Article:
As 2016 draws to a close, investors leave behind a year in which events repeatedly defied mainstream consensus. Improbabilities such as Brexit, a Trump presidency and a rejuvenated OPEC are now a part of entrenched reality. What is heartening is the ability of financial markets to swiftly re-price valuations to take into account the new realities. In this sense, these anti-consensus events have succeeded in jolting financial markets out of their “secular stagnation” stupor.
While the Fed’s December 2016 rate hike was widely expected, the committee’s forecasts implying three rate hikes in 2017 veered to the hawkish side. A fiscal stimulus under the incoming Trump administration will only accentuate it further. Sectors that are most likely to benefit from the Fed hiking cycle include US banking and insurance.
As fixed return instruments lose attractiveness with rising inflation, bonds yields will have to rise in order to compensate for the loss in their value. This will ease pressure on several bond markets, especially in Europe, suffering from negative yields.
Low inflation tempered the Fed’s hawkish bias in 2016
Apprehensions of a global slowdown were high in early 2016 due to global market volatility following Japan’s unexpected adoption of negative interest rates (January) and especially Brexit (June). The uncertainty following these events arguably tempered the Fed’s hawkish bias for the rest of year. The Fed actually ended up hiking rates only once in 2016 compared with the four times that was implied in its December 2015 forecasts.
The oil supply glut in early 2016 worsened fears that falling oil prices (which dipped below $30 per barrel in Q1-2016) would feed into global consumer prices and reinforce the deflation-stagnation loop. The prospect of higher oil prices was remote with OPEC’s inability to agree on production cuts for eight years. Oil analysts had already written the obituaries of the cartel. However, not only did OPEC reach a consensus amongst her factitious members, it also managed to persuade non-OPEC members like Russia to participate in the production cuts. Ever since we wrote about in our previous post, (See OPEC Regains its mojo, for now) Saudi Arabia has said that it will top up its original production cuts.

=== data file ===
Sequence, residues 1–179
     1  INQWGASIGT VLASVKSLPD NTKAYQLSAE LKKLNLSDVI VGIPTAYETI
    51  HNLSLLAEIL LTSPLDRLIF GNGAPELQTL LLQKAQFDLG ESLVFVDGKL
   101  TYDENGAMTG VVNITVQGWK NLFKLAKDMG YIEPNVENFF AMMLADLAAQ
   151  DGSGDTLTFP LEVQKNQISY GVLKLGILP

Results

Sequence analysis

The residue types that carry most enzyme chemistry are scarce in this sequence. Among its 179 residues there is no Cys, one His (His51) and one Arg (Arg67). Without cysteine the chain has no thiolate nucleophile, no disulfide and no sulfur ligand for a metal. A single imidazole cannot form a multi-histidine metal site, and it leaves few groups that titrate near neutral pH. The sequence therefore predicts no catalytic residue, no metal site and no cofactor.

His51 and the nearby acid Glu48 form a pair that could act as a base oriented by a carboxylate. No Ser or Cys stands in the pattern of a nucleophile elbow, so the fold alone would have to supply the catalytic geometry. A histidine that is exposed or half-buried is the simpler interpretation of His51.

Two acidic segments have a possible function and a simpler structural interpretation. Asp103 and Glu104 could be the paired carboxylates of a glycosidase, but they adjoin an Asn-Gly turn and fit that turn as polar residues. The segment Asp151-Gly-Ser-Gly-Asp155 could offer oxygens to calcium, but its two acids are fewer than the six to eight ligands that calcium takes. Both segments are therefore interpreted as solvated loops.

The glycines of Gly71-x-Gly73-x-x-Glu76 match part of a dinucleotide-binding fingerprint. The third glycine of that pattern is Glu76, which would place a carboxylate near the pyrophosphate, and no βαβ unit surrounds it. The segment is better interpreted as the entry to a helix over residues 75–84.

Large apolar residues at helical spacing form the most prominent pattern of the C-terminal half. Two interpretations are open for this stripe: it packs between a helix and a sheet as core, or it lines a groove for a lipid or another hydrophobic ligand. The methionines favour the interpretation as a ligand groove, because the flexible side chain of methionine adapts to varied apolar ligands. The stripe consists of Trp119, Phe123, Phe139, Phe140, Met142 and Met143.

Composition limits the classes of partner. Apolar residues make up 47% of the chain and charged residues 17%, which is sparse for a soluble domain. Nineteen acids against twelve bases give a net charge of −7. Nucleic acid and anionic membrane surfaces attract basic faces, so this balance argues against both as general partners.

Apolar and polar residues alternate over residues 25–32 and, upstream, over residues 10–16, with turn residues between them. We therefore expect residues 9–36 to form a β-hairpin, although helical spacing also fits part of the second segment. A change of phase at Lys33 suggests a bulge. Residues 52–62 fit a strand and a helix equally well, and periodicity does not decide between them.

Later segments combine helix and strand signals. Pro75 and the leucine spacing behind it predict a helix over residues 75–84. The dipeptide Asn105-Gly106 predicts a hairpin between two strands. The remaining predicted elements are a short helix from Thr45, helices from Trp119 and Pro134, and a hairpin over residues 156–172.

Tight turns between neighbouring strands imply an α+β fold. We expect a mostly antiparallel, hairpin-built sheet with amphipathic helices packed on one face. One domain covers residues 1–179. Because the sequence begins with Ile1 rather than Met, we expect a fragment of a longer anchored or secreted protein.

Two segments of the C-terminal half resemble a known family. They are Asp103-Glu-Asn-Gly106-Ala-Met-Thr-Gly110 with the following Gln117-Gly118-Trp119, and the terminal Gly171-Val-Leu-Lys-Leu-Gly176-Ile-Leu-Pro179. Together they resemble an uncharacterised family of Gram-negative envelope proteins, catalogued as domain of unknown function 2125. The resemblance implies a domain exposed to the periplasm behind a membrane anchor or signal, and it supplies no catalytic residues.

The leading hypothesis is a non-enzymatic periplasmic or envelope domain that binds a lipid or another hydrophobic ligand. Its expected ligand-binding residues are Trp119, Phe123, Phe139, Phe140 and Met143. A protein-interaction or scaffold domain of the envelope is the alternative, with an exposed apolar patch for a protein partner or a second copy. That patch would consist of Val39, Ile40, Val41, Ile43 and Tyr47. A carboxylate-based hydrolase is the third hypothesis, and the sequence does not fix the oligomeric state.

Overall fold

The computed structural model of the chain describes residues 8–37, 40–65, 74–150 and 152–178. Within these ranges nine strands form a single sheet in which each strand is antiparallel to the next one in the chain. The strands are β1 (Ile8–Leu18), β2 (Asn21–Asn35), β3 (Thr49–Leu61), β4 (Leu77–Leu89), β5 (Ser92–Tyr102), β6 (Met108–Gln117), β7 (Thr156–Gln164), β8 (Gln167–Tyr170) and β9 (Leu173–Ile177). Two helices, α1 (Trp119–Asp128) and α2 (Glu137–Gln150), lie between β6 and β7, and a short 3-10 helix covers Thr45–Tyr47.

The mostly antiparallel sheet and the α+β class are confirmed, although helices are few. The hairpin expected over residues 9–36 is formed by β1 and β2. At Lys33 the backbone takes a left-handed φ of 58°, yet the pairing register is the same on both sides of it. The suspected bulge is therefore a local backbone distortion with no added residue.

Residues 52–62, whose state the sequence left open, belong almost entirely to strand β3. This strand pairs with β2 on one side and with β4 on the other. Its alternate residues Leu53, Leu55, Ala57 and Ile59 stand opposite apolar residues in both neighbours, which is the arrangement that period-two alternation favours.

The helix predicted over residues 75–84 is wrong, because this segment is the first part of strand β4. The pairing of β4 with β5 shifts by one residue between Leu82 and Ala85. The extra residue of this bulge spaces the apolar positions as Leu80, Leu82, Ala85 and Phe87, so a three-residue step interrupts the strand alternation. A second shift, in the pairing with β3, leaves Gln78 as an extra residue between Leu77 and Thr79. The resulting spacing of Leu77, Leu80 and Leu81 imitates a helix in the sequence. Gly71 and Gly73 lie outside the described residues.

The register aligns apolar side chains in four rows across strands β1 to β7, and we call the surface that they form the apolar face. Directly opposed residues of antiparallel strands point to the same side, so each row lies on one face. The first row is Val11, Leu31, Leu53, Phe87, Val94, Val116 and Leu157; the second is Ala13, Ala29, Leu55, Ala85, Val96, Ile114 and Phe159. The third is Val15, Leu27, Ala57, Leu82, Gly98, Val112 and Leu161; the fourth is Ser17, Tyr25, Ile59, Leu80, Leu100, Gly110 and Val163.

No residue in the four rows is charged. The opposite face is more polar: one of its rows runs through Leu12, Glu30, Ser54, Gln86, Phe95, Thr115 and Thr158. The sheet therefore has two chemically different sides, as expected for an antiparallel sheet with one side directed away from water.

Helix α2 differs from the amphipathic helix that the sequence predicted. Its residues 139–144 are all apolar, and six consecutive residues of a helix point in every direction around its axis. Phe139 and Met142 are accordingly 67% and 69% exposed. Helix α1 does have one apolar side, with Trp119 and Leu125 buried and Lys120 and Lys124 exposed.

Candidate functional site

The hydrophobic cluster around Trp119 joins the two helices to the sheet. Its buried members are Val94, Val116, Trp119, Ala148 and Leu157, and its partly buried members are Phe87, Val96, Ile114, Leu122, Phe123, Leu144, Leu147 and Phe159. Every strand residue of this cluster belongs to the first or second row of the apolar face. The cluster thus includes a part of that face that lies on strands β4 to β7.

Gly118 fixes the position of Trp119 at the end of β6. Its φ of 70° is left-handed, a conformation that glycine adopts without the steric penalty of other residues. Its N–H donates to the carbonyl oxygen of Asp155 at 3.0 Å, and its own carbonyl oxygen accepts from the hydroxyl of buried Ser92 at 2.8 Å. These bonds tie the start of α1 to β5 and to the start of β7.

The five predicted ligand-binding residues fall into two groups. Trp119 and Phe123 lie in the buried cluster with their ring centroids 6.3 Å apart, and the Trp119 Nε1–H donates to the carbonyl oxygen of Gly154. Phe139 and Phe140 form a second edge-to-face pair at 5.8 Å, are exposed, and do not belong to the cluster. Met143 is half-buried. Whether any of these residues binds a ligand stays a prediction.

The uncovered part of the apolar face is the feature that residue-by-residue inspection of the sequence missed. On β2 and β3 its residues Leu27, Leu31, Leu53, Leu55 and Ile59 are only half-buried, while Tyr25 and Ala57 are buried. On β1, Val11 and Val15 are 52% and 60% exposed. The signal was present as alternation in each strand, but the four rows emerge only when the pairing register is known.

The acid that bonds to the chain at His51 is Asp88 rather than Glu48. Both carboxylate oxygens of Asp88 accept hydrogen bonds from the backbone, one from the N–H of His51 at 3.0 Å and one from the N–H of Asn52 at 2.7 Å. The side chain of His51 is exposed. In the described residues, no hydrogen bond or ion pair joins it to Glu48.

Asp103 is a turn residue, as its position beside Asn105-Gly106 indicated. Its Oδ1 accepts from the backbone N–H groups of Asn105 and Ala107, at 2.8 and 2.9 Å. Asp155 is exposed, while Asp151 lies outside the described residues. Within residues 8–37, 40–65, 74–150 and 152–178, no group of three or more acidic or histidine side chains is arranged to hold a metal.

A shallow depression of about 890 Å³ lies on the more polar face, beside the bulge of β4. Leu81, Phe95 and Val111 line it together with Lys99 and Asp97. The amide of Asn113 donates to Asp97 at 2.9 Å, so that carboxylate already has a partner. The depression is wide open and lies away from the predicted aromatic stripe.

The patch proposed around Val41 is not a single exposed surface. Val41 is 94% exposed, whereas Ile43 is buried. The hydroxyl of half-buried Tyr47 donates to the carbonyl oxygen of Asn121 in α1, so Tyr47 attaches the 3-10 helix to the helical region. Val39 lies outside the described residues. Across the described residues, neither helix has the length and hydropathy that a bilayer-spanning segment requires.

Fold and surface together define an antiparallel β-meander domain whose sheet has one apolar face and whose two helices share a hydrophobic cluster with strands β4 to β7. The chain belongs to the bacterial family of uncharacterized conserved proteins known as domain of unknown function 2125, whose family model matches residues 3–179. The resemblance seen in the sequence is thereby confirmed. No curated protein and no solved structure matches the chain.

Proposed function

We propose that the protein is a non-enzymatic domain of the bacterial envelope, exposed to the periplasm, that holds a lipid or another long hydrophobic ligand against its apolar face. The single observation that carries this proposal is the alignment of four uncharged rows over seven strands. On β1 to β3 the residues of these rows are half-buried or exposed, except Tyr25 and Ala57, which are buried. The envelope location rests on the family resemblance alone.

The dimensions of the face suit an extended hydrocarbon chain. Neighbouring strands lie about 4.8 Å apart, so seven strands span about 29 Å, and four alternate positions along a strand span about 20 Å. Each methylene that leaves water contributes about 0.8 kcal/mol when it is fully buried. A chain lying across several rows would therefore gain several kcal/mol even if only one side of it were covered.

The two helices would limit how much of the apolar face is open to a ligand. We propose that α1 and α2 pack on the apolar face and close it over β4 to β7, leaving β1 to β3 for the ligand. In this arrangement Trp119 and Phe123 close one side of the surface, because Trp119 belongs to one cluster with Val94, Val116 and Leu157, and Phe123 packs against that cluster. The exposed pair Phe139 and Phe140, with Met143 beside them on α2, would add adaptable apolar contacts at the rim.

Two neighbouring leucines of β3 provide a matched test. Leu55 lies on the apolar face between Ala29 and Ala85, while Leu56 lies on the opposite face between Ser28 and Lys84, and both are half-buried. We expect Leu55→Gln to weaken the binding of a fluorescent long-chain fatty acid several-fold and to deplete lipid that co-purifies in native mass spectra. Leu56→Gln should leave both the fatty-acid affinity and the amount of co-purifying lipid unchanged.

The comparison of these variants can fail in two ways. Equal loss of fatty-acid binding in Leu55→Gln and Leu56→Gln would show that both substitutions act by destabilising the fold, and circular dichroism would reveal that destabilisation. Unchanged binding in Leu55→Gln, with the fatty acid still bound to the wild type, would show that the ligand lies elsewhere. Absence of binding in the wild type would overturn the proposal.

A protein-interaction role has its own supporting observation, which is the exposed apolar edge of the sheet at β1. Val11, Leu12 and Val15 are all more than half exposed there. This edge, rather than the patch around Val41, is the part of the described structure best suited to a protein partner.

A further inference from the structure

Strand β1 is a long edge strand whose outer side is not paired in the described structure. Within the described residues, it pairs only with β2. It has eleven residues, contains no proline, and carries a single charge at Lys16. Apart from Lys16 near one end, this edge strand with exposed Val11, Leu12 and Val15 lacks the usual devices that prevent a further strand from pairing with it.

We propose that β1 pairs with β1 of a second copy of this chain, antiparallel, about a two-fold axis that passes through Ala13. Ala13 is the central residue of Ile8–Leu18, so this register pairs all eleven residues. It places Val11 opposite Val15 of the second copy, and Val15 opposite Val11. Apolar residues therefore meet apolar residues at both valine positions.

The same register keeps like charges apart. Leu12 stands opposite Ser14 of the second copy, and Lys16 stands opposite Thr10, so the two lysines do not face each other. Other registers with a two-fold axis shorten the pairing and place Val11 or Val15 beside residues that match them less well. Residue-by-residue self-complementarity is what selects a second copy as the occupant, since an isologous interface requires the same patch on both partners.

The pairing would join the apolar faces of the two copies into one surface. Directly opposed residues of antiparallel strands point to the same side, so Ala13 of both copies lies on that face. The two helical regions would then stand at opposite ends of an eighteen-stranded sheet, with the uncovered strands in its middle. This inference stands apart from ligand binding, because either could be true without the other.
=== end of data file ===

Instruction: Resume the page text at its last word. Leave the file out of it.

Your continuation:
A higher oil price has materially changed the inflation outlook for 2017 and is arguably one of the key reasons for the Fed’s hawkish tilt. Additionally, a fiscal stimulus under the incoming Trump administration will only make it more hawkish. Former Fed chairman Alan Greenspan has acknowledged that markets are finally out of the “secular stagnation” mindset.
Sectors that are most likely to benefit from the Fed hiking cycle include banking and insurance. Higher rates would improve bank profitability by increasing the net interest income or the margin between the deposit and lending rates. In this regard, the clear winners would be banks with a US-centric loan book and higher proportion of loans to deposits.
Insurance companies are also key beneficiaries of rising interest rates as their bond investments start yielding higher returns. Life and health (L&H) insurers will benefit immediately as they have a greater share of their investments allocated to bond investments compared to property and casualty (P&C) insurers that tend to diversify into equities, real estate and cash. According to the 2015 annual report of the US Federal Insurance Office, L&H insurers held 74% of their total assets in bonds while the figure was 62% for P&C insurers.
Bond yields will rise in 2017
On the other side of the Atlantic, the European Central Bank’s decision to trim its monthly bond purchases to EUR60 billion from EUR80 billion starting April 2017 has had the announcement effect of a monetary tightening. The fact that the ECB’s trim will occur alongside monetary tightening in the US has implications for developed market bond yields. As fixed return instruments lose attractiveness with rising inflation, bonds yields will have to rise in order to compensate for the loss in their value. This rise bond yields in 2017 will ease pressure on several bond markets, especially in Europe, suffering from negative yields.
For the first time since the 2008 financial crisis, financial markets finally appear ready to get over their addiction to bonds.
Janki Sharma is a freelance economist based in Singapore and writes for Macrovue.
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